Northern Farmhouse Pasta and Catskill Food Co. Star in New Food Network Show

A new Food Network television series will introduce a national viewing audience to two Catskill-made delicacies: Sullivan County’s Northern Farmhouse Pasta and Delaware County’s Catskill Food Company sausages.

Great American Food Finds,” which airs Mondays at 9:30 p.m., debuted this week. The six-episode program is hosted by Adam and Andrew Erace, brothers who operate a small chain of boutique grocery stores and a produce a line of artisanal products in Philadelphia.

Here’s the pitch:

With a sixth sense for the unexpected and delicious, brothers Adam and Andrew Erace travel the country in search of America’s hidden food treasures. Whether it’s the Mac and Cheese Pie at the out-of-the-way farm stand, or the bacon-studded fudge brownies at the hole-in-the-wall bakery, the Erace brothers are on a mission to find it, eat it, and share it with America.

The Roscoe pasta company will be featured on an episode titled “Meet the Cheesecake Cookie,” which premieres Aug. 24 at 9:30 p.m. It will also air the following day, Aug. 25, at 12:30 a.m., and again Aug. 29 at 3:30 p.m.

The Delhi sausage company will be featured the following week, on an episode titled “Greet and Meet,” premiering Aug. 31 at 9:30 p.m. and repeating again Sept. 1 at 12:30 a.m.

The Food Network show is the second time this summer that Catskill food businesses have landed in the national media spotlight. Dahlia’s Delights, a panini cafe in White Sulphur Springs owned by Christine Miller, was featured on National Public Radio July 25.

For Northern Farmhouse Pasta, the exposure comes just as the business is taking off in new directions. Proprietor Bob Eckert began making pasta using local produce and cheese in 2011, selling retail at farmers’ markets and wholesaling. The pasta is now in 70 stores in seven states, Eckert said. And after two years of construction, the company finally opened its retail store at 65 Rockland Road in Roscoe his summer, leading Eckert to yet another project.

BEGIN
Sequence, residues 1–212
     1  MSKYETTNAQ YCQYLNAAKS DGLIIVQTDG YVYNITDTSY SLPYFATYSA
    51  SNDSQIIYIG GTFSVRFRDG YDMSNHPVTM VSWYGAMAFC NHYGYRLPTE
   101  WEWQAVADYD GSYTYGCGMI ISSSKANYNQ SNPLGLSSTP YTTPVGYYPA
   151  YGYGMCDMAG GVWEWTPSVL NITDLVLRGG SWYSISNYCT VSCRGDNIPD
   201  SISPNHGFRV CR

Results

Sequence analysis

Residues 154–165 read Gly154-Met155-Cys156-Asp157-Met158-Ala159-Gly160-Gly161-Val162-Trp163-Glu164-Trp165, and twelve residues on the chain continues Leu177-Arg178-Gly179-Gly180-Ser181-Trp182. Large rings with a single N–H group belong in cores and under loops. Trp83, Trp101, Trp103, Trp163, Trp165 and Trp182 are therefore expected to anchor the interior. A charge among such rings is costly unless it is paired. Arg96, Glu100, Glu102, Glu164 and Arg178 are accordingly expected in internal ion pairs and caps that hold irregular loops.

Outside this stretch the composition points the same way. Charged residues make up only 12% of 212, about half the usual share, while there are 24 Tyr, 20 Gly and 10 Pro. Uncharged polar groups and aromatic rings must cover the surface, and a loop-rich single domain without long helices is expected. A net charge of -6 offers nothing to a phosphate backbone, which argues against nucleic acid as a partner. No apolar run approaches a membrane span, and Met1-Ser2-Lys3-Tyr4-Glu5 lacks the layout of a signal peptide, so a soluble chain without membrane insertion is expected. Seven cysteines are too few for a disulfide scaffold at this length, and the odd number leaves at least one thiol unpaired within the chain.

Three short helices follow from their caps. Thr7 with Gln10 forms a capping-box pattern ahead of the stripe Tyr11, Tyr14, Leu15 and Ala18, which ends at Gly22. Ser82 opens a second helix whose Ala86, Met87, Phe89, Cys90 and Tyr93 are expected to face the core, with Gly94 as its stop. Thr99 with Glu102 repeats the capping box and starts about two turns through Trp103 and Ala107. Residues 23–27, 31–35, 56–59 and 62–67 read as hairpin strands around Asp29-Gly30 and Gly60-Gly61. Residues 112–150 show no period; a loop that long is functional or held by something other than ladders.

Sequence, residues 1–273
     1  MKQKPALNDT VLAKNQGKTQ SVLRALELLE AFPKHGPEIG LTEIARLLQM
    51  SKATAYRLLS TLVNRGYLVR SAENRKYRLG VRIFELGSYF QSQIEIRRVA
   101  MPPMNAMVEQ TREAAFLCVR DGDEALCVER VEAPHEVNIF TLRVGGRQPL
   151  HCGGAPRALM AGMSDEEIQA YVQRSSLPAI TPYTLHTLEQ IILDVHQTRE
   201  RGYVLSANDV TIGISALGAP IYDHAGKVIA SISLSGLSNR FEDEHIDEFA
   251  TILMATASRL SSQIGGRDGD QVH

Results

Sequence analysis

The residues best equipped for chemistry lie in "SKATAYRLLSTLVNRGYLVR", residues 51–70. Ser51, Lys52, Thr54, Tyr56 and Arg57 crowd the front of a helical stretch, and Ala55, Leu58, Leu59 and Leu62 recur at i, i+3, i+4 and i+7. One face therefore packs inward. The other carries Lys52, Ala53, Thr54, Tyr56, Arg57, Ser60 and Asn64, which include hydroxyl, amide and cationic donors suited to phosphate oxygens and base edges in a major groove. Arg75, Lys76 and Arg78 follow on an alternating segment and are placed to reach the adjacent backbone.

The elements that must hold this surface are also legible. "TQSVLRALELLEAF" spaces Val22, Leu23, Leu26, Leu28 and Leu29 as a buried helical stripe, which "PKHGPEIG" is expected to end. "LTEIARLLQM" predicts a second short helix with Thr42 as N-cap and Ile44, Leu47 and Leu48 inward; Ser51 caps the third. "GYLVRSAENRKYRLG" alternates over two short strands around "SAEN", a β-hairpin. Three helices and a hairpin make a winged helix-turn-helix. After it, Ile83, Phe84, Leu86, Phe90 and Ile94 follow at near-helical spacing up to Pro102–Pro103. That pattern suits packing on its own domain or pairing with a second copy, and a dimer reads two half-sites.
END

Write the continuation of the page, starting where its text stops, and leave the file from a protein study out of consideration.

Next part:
“Everyone kept saying, ‘I can’t wait until your restaurant opens,'” Eckert said. “I kept saying we’re not a restaurant, and then I thought, why aren’t we a restaurant?”

So four weeks ago, Northern Farmhouse Pasta’s store became a weekends-only restaurant, serving dinner from 5 to 9 p.m. on Friday and Saturday. It’s a small menu and a small space, with three or four main dishes on a chalkboard and only 32 seats. Twenty of the seats are on an outdoor deck, so capacity is weather-dependent and reservations are highly recommended.

“It’s just whatever I want to cook that night. Don’t call me a chef or anything–I just like to cook,” Eckert said.

While of course the housemade pastas du jour, such as summer basil ravioli in creamy tomato sauce, anchor the menu, Eckert also mixes it up. He gets produce from local farms like Lucky Dog Organic in Hamden, and he brings in the fruits of his fishing trips. He recently served fresh tuna two ways: tartare and seared with dirty rice. Other weekends have featured shrimp and grits and jerk chicken. One staple that’s almost always on the menu: a “Trout Town” roll, which takes its title from Roscoe’s nickname. It’s a lobster-roll style sandwich with smoked trout, celery, tomato and onion framed by soft grilled bread.

The “Trout Town” roll: smoked trout done lobster-roll style. Photo courtesy of Northern Farmhouse Pasta

“There’s always something different, and we get to highlight some of the things we’re making here in the shop,” Eckert said.

For the Food Network filming, Eckert created a chicken pot pie ravioli to fit the theme of “Great American Food Finds,” but he also talked the hosts into tasting his roasted sweet corn ravioli, a summer customer favorite. The latter didn’t make it onto the show, but Adam and Andrew Erace ended up ordering it wholesale for their retail shops in Philly.

Separately, Eckert is also working with a team of producers to film a pilot for another show he’d like to do, which would feature both his construction skills (his job before becoming a pasta guru) and his cooking, as well as food-based adventures in Roscoe and around the Catskills.

“It might be me going fishing one day, and then cooking the fish, or milking goats at a local farm and making goat cheese,” he said. “I’m not looking to be a TV star, but it gets our branding out there and helps sell our pasta.”

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